In a week where a major train derailment here in the U.S. outside of Philadelphia has put a spotlight on the lack of investment in technology that could have prevented the fatal crash, one would hope that the airline industry likewise would start looking at assuring an “air gap” is in place when it comes to who has access to in-flight systems and how. Indeed, air gap aside, it should be noted that United already has a bugging bounty program for people interested in finding ways to defeat its existing systems. Look for the rest of the industry to follow since finding out now is a lot less expensive than the lawsuits that would follow if terrorists were successful in taking down a plane based on using the knowledge that already is in the wild.
On the non-technology front, the question about what should constitute ethical versus malicious hacking is certainly something that should be the subject of public policy debate. Regardless of how grateful you might feel that Mr. Roberts identified this “possible” serioius flaw with what is being characterized by some as an “experiment,” condoning his behavior as to methods used and public disclosure would be a mistake.
If Mr. Roberts was so concerned about his theory that a plane could be compromised in-flight, why not speak with the airlines, as well as the FBI, before rather than after the fact. One would think given that we are moving to an even more software-centric and connected world that private corporations and governments would be willing to pay a nice chunk of change to proactively head off disasters. They would also include developing counter-measures and other rapid mitigation techniques if/when bad things are discovered.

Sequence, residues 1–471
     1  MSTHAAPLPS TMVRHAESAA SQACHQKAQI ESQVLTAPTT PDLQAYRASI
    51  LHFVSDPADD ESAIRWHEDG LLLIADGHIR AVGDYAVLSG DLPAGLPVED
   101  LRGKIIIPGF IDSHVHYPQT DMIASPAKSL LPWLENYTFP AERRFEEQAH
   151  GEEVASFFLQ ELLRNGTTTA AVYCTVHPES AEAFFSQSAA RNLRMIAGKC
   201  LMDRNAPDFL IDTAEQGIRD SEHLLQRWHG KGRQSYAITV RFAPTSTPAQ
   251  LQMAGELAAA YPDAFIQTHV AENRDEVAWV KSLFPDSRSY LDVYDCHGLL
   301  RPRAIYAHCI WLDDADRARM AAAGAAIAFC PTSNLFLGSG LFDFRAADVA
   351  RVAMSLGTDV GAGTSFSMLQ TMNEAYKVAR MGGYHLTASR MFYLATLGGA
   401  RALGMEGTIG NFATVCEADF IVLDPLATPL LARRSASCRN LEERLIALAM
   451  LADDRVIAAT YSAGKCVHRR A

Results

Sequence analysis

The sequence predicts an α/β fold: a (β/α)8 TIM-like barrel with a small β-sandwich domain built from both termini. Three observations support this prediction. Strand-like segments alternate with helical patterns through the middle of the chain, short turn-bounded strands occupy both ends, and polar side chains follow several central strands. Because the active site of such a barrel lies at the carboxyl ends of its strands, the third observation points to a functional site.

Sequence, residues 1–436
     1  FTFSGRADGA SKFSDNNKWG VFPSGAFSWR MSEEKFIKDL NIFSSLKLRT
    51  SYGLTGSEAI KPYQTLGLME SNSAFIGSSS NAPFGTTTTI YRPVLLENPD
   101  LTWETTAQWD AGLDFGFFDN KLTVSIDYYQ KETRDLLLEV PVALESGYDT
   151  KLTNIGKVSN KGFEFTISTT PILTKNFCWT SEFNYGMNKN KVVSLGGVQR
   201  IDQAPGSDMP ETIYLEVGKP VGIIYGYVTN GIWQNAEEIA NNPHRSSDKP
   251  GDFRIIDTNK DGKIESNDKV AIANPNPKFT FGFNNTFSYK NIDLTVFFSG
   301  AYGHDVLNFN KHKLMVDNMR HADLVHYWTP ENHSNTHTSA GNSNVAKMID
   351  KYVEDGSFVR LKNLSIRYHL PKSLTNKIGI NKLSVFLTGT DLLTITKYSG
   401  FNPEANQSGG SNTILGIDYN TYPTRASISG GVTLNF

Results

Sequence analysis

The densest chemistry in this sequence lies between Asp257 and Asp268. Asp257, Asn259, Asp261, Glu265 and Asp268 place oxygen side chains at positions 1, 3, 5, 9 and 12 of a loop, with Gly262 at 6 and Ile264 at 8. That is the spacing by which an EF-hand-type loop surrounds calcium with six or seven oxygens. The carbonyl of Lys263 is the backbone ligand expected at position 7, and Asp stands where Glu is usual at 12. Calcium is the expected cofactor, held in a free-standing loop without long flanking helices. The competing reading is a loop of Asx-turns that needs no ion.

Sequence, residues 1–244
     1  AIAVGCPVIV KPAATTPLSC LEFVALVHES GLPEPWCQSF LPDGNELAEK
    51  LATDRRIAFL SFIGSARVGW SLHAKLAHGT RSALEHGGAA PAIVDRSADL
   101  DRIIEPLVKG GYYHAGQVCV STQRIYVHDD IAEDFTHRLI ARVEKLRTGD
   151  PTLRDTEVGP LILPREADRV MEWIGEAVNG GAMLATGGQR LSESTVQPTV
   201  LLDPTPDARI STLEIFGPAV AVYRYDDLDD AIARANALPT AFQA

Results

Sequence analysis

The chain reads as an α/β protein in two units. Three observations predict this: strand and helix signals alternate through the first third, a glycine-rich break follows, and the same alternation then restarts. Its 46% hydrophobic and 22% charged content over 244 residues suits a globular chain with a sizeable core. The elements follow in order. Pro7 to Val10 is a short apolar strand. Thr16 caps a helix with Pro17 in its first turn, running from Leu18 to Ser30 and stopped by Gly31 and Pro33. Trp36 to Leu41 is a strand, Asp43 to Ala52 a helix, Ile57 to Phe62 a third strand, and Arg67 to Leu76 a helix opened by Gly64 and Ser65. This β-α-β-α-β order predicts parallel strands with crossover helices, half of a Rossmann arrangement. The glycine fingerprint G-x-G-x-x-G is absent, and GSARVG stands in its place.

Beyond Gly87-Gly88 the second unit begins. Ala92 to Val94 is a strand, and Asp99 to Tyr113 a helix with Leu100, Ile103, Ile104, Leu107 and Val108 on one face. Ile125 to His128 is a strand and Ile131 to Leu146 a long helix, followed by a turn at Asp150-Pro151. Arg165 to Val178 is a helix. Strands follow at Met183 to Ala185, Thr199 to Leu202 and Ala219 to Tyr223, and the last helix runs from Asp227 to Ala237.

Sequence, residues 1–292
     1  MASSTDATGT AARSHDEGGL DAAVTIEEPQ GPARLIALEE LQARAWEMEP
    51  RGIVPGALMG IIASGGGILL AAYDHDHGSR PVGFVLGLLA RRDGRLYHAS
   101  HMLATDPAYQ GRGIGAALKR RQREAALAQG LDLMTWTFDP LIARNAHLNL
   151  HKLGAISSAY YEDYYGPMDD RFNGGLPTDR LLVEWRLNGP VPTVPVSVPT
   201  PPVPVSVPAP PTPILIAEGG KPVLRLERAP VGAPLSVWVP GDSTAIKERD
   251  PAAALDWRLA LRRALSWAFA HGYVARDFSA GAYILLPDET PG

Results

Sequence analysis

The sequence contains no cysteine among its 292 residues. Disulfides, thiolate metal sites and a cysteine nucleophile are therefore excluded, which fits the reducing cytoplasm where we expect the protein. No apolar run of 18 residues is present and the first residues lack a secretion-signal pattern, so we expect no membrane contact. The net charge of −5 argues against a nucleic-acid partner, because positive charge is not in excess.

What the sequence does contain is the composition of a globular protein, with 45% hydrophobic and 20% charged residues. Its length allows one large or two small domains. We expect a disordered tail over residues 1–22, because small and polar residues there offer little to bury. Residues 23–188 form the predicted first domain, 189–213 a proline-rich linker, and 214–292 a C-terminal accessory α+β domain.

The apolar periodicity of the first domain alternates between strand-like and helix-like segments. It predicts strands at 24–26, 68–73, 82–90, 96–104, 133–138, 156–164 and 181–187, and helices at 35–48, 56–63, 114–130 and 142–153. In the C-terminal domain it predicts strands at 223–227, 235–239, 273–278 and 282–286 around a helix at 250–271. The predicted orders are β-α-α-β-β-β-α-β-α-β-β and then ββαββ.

While hypothetical formulations are “what if” scenarios that can strain plausibility, they do serve to make at point. For example, the day when somebody is merely “experimenting” to see what type of explosive payload can be accurately delivered by an off-the-shelf drone and the defense when they blow something up and possibly injure somebody is they were just experimenting seems to me coming closer every day.
It is a reminder of the old observation that defines the Yiddish world Chutzpah, which roughly translated means unmitigated gall, as being when somebody kills their parents and begs for mercy because they are an orphan.
The Roberts affair, not unlike the Snowden affair where he was supposedly disclosing all of the information in the name of the public good, hopefully spurs not just industries being more thorough in protecting their systems and data but also public discussion. After all, the bad guys are busy trying to monetize their mischief and there is no good reason why the good guys shouldn’t be thinking and acting along the same lines.